Say hello to Megan Fraser: from school-based trainee to Disability Support Worker
Achieving goals. That was a common line from school-based trainee-turned-Disability Support Worker, Megan Fraser.
“I’ve probably spoken about achieving goals a lot!” Megan laughs. But it is clear that she has an unrivalled passion for her work and commitment to her clients.
“Every day as a Disability Support Worker is different. You can be doing one-on-ones, where you are working with a single customer to help them do what they specifically want to do and then there are group activities where it is all set up and you could be doing cooking, craft, morning teas, going to the park.”
Born and raised in Blayney, in Central West New South Wales, Megan is a recent graduate from the School-Based Traineeship program.
“I was a school-based trainee and I did the traineeship throughout Year 11 and 12. This would mean that I would go and work at LiveBetter one day a week, 8:30am-5:30pm with day program or after school care, getting to learn about all the different disabilities,” says Megan.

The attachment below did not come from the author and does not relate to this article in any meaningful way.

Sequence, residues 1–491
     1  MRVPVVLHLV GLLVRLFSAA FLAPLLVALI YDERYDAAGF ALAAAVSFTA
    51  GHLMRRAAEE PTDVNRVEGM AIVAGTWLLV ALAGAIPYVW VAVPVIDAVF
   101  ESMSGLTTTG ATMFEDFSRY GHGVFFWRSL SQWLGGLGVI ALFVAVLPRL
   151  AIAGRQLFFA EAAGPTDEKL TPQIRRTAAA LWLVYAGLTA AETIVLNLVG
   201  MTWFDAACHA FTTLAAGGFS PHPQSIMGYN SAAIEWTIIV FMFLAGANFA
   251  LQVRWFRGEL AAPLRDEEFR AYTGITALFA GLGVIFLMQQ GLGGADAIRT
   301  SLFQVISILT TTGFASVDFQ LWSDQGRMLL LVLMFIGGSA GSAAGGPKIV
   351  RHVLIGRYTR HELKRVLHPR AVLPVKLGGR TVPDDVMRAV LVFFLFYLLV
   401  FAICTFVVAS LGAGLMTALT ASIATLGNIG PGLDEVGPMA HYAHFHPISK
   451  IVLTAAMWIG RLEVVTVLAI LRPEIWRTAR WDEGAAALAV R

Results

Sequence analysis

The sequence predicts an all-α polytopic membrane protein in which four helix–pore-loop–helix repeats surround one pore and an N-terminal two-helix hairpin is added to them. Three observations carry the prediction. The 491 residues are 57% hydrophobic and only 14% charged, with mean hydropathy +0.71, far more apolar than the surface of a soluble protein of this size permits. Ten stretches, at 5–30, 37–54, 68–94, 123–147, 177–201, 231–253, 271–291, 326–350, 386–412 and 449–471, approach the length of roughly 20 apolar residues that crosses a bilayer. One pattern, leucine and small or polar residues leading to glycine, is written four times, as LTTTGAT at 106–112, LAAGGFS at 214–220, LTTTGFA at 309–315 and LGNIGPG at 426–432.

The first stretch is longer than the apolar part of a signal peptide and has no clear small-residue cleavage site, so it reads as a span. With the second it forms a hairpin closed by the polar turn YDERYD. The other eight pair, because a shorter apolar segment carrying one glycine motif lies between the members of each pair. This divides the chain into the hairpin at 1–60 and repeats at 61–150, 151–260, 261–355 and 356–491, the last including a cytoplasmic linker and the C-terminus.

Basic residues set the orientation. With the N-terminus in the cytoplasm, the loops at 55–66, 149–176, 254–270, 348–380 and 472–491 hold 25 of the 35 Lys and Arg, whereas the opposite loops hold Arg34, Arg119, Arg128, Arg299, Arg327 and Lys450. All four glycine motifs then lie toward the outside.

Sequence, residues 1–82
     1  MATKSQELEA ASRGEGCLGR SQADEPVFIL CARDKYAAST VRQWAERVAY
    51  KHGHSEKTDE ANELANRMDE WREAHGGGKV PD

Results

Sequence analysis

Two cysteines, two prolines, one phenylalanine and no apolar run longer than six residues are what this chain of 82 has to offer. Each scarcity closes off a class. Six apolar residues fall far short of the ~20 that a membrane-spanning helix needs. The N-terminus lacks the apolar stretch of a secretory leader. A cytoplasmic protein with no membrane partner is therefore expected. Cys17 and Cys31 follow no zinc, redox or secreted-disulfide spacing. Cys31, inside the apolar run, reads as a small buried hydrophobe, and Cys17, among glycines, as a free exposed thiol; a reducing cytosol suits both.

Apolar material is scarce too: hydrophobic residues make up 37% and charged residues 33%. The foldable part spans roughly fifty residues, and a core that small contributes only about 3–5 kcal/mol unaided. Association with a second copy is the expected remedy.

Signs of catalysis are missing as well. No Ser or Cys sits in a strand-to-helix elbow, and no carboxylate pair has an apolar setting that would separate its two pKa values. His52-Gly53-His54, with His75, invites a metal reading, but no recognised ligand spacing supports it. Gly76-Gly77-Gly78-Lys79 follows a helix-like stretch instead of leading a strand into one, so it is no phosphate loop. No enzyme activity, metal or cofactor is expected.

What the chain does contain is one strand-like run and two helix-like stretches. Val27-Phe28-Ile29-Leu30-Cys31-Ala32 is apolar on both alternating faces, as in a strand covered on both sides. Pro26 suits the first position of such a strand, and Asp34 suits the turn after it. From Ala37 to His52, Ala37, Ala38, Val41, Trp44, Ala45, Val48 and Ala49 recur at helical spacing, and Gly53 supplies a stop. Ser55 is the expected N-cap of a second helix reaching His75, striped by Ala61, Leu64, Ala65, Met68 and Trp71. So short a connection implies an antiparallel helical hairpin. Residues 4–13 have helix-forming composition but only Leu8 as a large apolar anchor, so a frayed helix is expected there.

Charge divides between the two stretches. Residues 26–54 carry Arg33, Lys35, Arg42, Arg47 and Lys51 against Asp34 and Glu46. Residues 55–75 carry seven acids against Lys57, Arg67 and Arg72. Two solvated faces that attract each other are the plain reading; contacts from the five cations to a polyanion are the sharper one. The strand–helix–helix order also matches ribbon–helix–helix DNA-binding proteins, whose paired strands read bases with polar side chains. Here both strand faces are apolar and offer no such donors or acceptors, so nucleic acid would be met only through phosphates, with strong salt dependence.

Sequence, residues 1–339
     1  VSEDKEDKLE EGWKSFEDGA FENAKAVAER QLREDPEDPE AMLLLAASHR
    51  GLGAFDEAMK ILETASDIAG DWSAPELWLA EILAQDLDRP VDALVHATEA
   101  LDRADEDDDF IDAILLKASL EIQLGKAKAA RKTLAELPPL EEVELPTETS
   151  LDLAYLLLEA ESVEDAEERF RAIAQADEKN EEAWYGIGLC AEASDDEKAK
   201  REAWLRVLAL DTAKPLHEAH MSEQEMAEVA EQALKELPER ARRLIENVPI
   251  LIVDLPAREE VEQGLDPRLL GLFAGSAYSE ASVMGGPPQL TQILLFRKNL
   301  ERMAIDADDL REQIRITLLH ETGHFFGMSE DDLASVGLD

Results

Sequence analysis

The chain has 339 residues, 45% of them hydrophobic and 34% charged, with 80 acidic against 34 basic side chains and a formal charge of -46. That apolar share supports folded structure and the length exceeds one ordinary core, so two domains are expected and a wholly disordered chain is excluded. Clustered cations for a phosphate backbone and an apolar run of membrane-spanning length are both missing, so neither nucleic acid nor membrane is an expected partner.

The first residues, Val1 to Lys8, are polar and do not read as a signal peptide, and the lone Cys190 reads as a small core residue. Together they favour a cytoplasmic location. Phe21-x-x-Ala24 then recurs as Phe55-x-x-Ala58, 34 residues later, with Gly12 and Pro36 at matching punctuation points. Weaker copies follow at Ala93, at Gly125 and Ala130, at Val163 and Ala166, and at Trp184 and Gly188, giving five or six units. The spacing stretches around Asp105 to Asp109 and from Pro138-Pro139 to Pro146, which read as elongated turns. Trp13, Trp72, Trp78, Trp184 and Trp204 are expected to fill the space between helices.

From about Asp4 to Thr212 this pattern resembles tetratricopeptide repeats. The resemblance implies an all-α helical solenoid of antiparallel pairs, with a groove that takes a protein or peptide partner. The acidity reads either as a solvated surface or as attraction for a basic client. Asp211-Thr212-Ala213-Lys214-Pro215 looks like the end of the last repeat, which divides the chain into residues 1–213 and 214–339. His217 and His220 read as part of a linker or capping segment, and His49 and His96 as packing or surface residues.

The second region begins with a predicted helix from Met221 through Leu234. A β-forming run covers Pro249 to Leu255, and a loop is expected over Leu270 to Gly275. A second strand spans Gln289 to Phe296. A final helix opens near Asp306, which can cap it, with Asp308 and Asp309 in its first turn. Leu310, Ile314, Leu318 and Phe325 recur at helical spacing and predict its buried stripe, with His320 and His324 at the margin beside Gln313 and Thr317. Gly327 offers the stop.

“I would also be doing TAFE at the same time… so I finished Year 12 with my HSC, on-the-job training and Certificate III in Disability Support.”
Megan reflected on how daunting it was in the beginning, especially when it came to learning about all the different disabilities, but it was the staff who mentored her that made her feel comfortable.
“The support and mentoring from staff was absolutely amazing. Any question I had, I feel like I could go up to them and they could give some great advice along the way.”
Aaron Bateup, Disability Support Leader for Central West NSW, mirrors what Megan mentions, listing the on-the-job mentoring as one of the most important parts of the traineeships program.
“The traineeship program gives trainees, like Megan, the opportunity to work across a variety of different customers in the company of experienced, trained staff. They build their initial skillset, making them highly valuable and respected employees.”
Aaron also lists a willingness to learn and being flexible and adaptable as some key qualities they look for in a trainee, but sings the sector’s praises for people who want to have a career to help others.
“Just go for it, I say! The disability sector is very rewarding as you get to help vulnerable members of our communities’ days that little bit brighter and it’s a great feeling to know that you are assisting others,” Aaron concluded.
But what’s next for Megan?
“At the moment, I’m really enjoying being a Disability Support Worker…at the end of every day, I feel really happy because I’ve helped someone achieve something that they want to do.”
Talk about achieving goals for herself!